Our property markets (historically) tend to hibernate over winter so I wouldn’t read too much into present activity. It’s actually a good time to buy!  It does appear however, that the “fat lady” won’t be singing for some time to come, which shows just how hard it is to read property markets. Unlike the share markets, we don’t have buy and sell recommendations.  Investors are selling out of the stock market and moving their funds into the property markets – another clue?

Word from Sideshow Alley this week is that The Emperor is considering performing until April 2011 where he will call an election. Looks like his advisers consider it would be smart to go to the polls immediately following the Fort Crumble election in March 2011. I wonder if this weekends by – election in Penrith may change that decision?

Cheers ^__^

This week’s sales Mosman real estate, Beauty Point real estate, Clifton Gardens real estate, Balmoral real estate, Cremorne real estate, Cremorne Point real estate, Neutral Bay real estate, Cammeray real estate Click Here

2 Responses to “A few clowns short of a circus!”

  • Ann says:

    It would be hard for Rudd to defend delaying the election until April. The media would have a field day. I did some checking, I dont think any Federal Government in the modern era has delayed an election for more than a month beyond the 3 year due date?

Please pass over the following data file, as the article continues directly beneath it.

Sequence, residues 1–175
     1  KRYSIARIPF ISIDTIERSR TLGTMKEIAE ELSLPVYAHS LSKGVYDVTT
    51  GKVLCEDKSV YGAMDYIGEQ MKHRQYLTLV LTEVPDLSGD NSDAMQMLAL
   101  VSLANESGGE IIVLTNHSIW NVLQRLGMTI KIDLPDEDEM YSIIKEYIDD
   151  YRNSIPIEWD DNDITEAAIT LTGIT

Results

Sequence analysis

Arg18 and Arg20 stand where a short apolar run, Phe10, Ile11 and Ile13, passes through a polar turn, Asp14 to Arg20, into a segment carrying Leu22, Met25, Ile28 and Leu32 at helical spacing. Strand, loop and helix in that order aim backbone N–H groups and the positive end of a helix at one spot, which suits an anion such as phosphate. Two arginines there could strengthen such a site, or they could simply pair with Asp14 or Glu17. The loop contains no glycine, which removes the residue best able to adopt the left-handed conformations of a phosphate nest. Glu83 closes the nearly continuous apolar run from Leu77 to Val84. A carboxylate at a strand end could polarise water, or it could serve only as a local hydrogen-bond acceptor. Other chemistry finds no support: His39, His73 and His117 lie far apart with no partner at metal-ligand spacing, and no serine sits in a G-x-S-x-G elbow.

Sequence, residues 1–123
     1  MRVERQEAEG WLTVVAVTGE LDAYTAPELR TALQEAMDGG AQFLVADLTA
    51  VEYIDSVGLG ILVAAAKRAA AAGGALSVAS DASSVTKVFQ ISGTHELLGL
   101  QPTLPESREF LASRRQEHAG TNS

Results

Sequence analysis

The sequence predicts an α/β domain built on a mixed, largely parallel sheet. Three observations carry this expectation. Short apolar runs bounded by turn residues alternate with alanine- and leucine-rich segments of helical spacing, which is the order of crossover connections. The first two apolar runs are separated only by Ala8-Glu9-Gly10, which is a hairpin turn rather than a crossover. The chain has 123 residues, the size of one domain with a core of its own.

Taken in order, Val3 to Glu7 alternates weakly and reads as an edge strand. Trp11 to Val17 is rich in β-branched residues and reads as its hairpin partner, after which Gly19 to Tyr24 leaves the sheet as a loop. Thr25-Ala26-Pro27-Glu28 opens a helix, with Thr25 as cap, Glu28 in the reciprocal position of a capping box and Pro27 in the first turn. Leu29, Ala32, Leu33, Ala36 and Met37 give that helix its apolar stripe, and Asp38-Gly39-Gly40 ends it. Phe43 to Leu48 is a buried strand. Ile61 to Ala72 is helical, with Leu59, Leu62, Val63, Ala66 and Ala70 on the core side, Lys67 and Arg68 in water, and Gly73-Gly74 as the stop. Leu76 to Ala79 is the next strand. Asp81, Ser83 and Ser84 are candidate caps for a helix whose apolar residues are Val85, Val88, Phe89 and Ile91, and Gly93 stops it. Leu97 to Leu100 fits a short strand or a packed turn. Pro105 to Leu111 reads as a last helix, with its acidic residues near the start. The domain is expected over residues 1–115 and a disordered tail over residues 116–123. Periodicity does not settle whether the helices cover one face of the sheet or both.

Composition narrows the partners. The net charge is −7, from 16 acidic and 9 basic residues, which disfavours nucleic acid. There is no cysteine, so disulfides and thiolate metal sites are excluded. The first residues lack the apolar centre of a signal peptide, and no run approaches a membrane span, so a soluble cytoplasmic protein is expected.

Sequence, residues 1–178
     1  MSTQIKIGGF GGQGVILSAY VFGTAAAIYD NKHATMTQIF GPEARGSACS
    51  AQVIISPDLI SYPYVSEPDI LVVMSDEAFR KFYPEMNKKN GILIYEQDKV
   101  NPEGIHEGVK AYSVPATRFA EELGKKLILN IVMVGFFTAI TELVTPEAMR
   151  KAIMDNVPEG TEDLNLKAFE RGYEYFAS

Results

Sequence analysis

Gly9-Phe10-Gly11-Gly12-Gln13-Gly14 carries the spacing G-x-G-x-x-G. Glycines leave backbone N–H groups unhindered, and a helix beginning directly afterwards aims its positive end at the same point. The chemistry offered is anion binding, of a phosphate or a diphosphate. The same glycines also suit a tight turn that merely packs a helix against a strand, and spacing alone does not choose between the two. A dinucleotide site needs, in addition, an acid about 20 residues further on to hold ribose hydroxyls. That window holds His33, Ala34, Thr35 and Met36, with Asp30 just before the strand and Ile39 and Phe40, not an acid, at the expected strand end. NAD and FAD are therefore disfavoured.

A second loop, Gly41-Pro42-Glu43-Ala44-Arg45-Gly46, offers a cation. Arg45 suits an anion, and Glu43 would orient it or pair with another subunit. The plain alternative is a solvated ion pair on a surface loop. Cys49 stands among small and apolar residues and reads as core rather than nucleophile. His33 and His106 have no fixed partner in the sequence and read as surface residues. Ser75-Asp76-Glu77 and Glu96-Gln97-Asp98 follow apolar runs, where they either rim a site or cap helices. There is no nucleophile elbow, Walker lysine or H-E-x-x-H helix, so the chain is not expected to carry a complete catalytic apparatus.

• Snow White says:

    An explanation of our Rudd Tax System, If someone has Rudd’s email can you forward this on.

    Suppose that every day, ten men go out for beer and the bill for all ten comes to $100.
    If they paid their bill the way we pay our taxes, it would go something like this;

    The first four men (the poorest) would pay nothing.
    The fifth would pay $1
    The sixth would pay $3
    The seventh would pay $7
    The eighth would pay $12
    The ninth would pay $18
    The tenth man (the richest) would pay $59.

    So, that’s what they decided to do..

    The ten men drank in the bar every day and seemed quite happy with the arrangement, until one day, the owner threw them a curve ball.
    “Since you are all such good customers,” he said, “I’m going to reduce the cost of your daily beer by $20”. Drinks for the ten men would now cost just $80.

    The group still wanted to pay their bill the way we pay our taxes.